Thursday, December 29, 2011

U.S., Saudi Arabia Finalize F-15 Fighter Deal

The U.S. State Department announced Dec. 29 that it finalized a $29.4 billion sale of Boeing-made F-15 fighter jets to Saudi Arabia.
U.S. AIR FORCE F-15 Eagles fly over Thailand during exercises in March. (Master Sgt. Cohen A. Young / U.S. Air Force)
"The United States and the Kingdom of Saudi Arabia have signed a government-to-government agreement under the Foreign Military Sales program to provide advanced F-15SA combat aircraft to the Royal Saudi Air Force," White House spokesman Joshua Earnest said in a statement.
The agreement was signed Dec. 24, according to the State Department.
The Obama administration first notified Congress of the sale, which includes 84 new aircraft and the modernization of 70 existing aircraft as well as missiles, spare parts, training, maintenance and logistics, in October 2010.
Delivery of the new aircraft will begin in early 2014, while upgrades to older models will start later in the year, according to the State Department.
The sale reinforces "the strong and enduring relationship between the United States and Saudi Arabia, and demonstrates the U.S. commitment to a strong Saudi defense capability as a key component to regional security," Earnest said.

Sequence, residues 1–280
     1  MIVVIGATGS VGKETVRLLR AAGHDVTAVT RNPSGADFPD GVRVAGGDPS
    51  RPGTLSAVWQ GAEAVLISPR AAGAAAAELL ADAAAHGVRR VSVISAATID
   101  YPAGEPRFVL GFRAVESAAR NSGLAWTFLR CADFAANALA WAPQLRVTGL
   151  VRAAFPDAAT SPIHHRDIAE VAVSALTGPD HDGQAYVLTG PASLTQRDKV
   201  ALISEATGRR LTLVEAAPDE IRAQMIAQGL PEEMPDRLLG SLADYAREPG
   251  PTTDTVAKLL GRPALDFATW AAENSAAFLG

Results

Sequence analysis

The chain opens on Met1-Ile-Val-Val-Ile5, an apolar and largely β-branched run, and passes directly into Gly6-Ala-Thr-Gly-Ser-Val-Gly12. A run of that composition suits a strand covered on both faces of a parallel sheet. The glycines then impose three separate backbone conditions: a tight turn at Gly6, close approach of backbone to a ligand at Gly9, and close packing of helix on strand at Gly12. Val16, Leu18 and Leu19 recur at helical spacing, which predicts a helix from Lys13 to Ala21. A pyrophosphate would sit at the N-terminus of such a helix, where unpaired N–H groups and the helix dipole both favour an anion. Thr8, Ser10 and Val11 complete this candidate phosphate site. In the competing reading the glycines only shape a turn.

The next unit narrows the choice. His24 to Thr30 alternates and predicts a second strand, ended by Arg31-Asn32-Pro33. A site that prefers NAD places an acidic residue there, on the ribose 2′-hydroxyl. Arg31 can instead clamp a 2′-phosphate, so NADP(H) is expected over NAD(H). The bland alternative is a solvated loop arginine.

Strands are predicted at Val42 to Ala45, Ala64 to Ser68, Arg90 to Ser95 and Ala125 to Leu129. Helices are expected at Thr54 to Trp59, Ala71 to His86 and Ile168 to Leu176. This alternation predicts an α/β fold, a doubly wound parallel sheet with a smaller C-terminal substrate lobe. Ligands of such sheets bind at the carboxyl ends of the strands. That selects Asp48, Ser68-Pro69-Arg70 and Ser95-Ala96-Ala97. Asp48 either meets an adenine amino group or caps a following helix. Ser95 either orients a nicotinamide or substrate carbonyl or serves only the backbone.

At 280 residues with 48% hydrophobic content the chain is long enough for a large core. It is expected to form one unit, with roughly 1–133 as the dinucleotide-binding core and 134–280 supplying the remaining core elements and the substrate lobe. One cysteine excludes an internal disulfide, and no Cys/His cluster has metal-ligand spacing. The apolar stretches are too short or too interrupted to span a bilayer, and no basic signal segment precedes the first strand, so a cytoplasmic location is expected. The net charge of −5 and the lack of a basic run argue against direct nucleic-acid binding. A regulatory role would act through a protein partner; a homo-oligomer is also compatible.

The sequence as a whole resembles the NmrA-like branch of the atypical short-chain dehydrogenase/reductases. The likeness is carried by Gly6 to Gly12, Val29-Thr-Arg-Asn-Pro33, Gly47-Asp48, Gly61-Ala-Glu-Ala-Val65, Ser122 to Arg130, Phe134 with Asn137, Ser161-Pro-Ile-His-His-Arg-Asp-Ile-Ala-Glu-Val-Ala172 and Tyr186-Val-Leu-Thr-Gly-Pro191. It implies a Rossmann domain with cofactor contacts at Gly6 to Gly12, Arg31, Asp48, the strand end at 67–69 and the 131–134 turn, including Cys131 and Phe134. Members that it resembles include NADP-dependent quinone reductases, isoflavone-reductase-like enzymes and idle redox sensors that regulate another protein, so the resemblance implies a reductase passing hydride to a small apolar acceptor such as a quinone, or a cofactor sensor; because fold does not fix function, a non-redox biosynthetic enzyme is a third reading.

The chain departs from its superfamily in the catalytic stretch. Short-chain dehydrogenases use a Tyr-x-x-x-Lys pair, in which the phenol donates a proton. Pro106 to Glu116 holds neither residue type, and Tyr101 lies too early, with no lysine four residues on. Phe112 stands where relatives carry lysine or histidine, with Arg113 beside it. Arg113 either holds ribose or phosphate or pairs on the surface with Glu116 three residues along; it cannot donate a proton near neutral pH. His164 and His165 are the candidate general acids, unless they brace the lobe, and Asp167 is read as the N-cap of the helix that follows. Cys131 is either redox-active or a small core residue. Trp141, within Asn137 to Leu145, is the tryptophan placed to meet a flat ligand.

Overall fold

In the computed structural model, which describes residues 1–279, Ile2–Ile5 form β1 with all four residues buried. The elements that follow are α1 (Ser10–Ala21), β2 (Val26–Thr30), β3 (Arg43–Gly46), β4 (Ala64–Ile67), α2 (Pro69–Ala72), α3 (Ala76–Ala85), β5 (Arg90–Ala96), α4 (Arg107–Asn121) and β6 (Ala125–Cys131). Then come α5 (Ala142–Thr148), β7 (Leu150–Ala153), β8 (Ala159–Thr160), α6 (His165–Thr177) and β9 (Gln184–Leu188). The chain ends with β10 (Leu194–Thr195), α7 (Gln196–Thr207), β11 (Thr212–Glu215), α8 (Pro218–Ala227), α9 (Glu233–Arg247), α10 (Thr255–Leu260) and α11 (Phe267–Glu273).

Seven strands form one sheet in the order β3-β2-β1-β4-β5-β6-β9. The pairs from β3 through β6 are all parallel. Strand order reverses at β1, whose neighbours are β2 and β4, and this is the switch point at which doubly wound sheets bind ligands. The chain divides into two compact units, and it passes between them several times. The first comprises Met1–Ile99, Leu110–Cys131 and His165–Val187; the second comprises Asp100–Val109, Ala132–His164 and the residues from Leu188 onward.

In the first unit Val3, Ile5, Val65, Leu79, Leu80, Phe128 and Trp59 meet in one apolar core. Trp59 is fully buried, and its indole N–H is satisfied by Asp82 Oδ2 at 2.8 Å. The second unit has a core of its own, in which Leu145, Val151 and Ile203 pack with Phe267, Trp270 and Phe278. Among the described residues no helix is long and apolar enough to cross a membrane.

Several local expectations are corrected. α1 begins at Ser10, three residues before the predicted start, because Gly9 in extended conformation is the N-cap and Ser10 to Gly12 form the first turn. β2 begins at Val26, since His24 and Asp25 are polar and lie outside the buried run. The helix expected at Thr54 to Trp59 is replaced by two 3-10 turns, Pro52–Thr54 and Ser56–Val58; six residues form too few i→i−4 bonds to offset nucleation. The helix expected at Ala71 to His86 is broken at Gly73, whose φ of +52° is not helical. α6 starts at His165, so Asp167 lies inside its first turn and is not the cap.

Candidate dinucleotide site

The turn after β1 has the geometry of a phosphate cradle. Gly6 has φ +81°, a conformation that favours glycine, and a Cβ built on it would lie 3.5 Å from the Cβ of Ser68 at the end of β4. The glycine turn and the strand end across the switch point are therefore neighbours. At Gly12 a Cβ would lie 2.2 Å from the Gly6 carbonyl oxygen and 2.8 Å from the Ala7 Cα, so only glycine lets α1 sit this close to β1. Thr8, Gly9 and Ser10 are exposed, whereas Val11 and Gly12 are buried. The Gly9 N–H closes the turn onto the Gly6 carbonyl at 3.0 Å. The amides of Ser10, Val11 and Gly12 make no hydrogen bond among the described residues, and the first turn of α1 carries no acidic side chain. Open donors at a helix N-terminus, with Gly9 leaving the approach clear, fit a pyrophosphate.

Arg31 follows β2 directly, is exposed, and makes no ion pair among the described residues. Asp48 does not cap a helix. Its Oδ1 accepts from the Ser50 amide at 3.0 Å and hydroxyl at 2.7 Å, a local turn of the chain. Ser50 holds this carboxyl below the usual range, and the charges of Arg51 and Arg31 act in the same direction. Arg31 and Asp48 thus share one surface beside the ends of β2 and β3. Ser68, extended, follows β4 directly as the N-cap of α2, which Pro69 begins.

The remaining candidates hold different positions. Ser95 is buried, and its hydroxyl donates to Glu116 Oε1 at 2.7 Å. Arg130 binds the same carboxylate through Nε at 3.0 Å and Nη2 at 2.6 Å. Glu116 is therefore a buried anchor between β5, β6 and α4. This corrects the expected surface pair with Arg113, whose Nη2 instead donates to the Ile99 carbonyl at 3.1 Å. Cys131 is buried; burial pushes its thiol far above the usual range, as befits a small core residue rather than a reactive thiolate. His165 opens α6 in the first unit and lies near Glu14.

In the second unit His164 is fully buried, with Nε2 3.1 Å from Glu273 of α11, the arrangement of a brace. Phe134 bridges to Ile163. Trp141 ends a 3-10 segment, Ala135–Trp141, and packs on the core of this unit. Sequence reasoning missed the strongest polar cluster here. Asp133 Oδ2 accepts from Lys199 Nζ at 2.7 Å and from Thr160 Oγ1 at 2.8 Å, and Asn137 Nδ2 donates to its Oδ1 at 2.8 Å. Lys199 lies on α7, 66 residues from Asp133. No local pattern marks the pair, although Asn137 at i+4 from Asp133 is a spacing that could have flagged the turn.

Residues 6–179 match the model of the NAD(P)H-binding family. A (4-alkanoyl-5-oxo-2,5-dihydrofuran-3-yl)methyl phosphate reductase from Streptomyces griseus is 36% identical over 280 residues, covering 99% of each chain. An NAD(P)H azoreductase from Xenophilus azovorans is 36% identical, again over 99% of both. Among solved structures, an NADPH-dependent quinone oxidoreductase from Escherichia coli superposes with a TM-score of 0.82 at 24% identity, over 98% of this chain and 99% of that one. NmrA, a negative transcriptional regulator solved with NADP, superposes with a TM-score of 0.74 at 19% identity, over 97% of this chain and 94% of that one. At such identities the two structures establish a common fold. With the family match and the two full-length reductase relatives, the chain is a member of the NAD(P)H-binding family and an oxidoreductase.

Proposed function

With this sale, the two countries' air forces will become more interoperable, especially because they will train together on the aircraft, Principal Deputy Under Secretary of Defense for Policy James Miller said during a press conference.
According to Miller, 5,500 Saudi Arabian personnel will be trained through 2019.
It will also send a strong message to countries in the region that the United States is committed to stability in the Persian Gulf, Assistant Secretary of State for Political-Military Affairs Andrew Shapiro told reporters.
The timing of the announcement and the latest tensions between the United States and Iran in the Strait of Hormuz are not connected, according to Shapiro.
"This is not directed toward Iran; this is addressing Saudi Arabia's defense needs," he said, adding that work on the sale precedes the latest news out of the region. "We did not gin up a package based on current events in the region."
By law, the U.S. government must evaluate all sales to the region based on Israel's security needs. Having conducted that assessment, "We are satisfied that this sale will not decrement Israel's qualitative military edge," Shapiro said.
The Obama administration officials also emphasized the positive impact the sale would have on U.S. jobs.
According to the State Department, it will lead to 50,000 American jobs in the aerospace and manufacturing sectors. Boeing, the prime contractor, will work with over 600 suppliers in 44 states.
According to a recent report from the Congressional Research Service, Saudi Arabia has remained one of the top three purchasers of U.S. defense articles and services since 2003.
From 2007-10, the United States signed $13.8 billion worth in government-to-government sales agreements with the country.

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